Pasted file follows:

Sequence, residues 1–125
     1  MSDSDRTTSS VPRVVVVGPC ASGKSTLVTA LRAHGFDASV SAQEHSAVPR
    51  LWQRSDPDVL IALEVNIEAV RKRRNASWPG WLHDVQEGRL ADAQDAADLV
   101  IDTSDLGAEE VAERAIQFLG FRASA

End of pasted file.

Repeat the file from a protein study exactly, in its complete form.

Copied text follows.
Sequence, residues 1–125
     1  MSDSDRTTSS VPRVVVVGPC ASGKSTLVTA LRAHGFDASV SAQEHSAVPR
    51  LWQRSDPDVL IALEVNIEAV RKRRNASWPG WLHDVQEGRL ADAQDAADLV
   101  IDTSDLGAEE VAERAIQFLG FRASA